Commentary and resources to keep you safe & secure in today's interconnected world.
In this issue:
- "Wormable" Microsoft Flaw: What you need to do
- Cybersecurity shorts
- Software updates
As always, a lot happened in the cybersecurity world this month. Read on to learn more about:
- Why Microsoft users need to update their devices immediately
- A scam targeting businesses that has nearly doubled in the last year
- Why hospitals are growing more concerned about connected devices
- And much more
"Wormable" Microsoft Flaw: What you need to do
Microsoft has announced a major security flaw in its Windows software that rivals the WannaCry worm that infected thousands of devices in 2017. Microsoft warns that this vulnerability is especially dangerous because it requires no user interaction. In other words, once one device is infected it can quickly spread to another vulnerable computer on its own. While there is no evidence that the flaw has been exploited at this time, Microsoft believes that it is "highly likely" that it will be.
This new vulnerability is a part of the "remote desktop services" used by devices running Windows 7, Windows Server 2008 R2, Windows Server 2008, Windows XP, and Windows 2003. Windows 8 and 10 users are not affected. However, many Microsoft users are running older versions of Windows and need to take action immediately.
How to update your devices
If your device is running Microsoft 7, Windows Server 2008 R2, or Windows Server 2008 and you have enabled automatic updates, your device will update automatically. You can ensure your device is running the most up-to-date software by going to the Update and Security page of the Control Panel or Windows Settings. If you do not have auto update enabled, you can also update your device in these settings.
This vulnerability is so serious that Microsoft has released updates for Windows XP and Windows 2003—operating systems that it stopped supporting years ago. If you are still using a device with Windows XP or Windows 2003 you can download the update here. It is strongly recommended that you upgrade to a more recent operating system. These older programs do not receive regular updates from Microsoft, leaving your device vulnerable at all times.
How to protect yourself going forward
The major area where cybersecurity experts and regular computer users differ is on running up-to-date software. Nine out of ten experts will tell you a key to keeping your devices secure is updating them as soon as possible. However, most consumers put off updating their devices and programs.
To make the process more streamlined, you should enable auto updates on all programs that allow it. To set your Windows device to update automatically follow the instructions below.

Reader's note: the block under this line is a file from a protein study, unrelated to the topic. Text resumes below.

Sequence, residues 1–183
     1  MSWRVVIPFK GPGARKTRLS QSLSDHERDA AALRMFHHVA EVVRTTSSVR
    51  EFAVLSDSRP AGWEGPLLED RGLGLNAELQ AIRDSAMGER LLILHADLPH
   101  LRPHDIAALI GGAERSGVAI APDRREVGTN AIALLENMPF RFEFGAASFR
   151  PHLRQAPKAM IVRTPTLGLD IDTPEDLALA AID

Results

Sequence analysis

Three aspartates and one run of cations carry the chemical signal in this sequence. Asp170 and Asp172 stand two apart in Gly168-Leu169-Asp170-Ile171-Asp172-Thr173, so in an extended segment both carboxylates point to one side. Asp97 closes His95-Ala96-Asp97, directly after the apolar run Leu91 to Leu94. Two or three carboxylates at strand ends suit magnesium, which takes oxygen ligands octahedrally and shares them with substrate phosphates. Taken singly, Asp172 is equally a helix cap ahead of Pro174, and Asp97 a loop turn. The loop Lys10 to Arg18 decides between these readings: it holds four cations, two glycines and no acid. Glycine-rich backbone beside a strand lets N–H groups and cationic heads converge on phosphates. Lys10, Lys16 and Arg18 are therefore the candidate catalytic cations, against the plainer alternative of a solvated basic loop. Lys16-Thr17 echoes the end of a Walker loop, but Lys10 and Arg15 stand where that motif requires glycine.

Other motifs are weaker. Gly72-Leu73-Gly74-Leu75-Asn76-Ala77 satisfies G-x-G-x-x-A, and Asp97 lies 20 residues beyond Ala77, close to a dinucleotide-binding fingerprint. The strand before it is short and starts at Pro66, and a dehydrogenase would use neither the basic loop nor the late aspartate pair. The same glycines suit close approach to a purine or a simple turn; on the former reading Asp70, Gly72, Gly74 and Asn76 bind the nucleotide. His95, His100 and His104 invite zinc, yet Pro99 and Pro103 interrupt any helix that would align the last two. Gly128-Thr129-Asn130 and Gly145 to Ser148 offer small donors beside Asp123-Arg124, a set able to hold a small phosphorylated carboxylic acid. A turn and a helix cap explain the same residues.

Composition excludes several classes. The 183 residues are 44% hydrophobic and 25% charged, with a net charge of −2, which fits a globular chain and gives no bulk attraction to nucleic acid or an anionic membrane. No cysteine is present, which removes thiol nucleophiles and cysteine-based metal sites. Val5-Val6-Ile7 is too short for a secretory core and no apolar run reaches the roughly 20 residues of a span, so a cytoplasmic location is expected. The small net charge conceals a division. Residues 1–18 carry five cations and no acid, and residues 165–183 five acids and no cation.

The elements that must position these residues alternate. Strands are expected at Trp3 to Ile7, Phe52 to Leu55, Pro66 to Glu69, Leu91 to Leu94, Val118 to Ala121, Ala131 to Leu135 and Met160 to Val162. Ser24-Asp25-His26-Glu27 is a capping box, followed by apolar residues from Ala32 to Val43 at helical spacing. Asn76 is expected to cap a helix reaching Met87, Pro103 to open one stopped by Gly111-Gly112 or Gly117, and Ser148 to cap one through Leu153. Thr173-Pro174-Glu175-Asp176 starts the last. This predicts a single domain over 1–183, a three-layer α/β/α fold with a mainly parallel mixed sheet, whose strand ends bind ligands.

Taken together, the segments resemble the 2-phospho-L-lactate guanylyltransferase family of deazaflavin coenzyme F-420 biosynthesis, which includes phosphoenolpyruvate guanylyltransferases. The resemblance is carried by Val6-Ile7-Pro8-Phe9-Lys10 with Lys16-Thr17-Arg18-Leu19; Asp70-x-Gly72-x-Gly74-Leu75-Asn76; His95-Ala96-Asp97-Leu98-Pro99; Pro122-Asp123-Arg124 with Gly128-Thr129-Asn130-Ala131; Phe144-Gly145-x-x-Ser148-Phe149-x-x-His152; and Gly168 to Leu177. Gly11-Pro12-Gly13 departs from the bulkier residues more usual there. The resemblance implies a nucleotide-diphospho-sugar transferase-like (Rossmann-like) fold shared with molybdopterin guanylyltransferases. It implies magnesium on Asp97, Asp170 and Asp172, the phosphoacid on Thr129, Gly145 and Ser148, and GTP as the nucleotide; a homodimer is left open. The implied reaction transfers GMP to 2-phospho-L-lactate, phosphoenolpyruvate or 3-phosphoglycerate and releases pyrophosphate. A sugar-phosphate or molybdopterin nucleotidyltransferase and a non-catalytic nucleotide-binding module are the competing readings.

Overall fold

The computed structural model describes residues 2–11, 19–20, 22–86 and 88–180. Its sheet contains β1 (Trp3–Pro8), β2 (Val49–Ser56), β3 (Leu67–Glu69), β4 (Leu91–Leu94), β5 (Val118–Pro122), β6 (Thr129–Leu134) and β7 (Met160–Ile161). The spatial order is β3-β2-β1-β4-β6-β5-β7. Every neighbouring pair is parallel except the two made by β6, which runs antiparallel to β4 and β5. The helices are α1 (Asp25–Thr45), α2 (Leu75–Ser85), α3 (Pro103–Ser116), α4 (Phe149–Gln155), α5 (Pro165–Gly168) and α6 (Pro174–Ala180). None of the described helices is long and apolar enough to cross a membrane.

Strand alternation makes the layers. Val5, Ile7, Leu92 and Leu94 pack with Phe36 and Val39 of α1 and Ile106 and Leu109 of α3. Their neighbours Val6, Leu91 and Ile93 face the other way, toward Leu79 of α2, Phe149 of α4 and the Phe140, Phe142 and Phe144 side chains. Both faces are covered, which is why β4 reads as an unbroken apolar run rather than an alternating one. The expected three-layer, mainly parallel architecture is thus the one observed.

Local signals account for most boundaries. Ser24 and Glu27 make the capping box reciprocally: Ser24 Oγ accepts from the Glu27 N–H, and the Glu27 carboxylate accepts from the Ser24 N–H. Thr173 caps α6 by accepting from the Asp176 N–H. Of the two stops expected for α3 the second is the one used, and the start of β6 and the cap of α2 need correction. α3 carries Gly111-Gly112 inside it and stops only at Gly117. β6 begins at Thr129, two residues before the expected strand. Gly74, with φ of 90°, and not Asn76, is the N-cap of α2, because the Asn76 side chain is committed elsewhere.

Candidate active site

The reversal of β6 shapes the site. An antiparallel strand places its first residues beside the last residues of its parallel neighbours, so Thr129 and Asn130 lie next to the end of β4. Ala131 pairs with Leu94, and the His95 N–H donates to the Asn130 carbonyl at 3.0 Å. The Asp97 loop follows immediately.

Windows 10 Devices
To set your Windows 10 device to download and install updates automatically, first click on the start button. From there select the gear icon to open Windows Settings. Then select Update & Security and choose Advanced Options under Windows Update. Under Update Options turn on Automatically download updates. When choosing this option, you don't have to worry about your computer automatically restarting when you are in the middle of something; your device will alert you before the restart occurs. Or you can choose a time for restarts to occur in the Update Options settings.
Windows 8 and 7 Devices
To set your Windows 8 or 7 device to update automatically, first go to start and open the Control Panel. Select System and Security and then Windows Update from that page. Then, click Change settings and choose Install updates automatically from the drop-down menu.
While you are setting auto updates for your Windows devices, you should review the update settings on other programs installed on your device as well. For example, if you use any Adobe programs they can be set to download updates automatically. Most Internet browsers will automatically alert you when updates are available so you can install them right away.
Keeping your devices completely up to date is one of the most beneficial cybersecurity actions you can take. That applies to the operating system, applications, programs, and browsers on your computer, smartphone, and tablets. Turning on auto updates allows you to rest assured that your devices are protected from security flaws.
This tax season may be over, but the IRS is currently behind on introducing new security measures that will help protect taxpayers. According to the Treasury Inspector General for Tax Administration, electronic authentication controls are missing on many of the programs on the IRS website used by the public for tax-related purposes. These controls allow the website to confirm that people logging into the site are who they say they are. The IRS is currently using controls based on a 2013 framework and were given one year to update, but the agency has failed to meet that goal. The IRS's timeline plans for the implementation to be complete in 2023.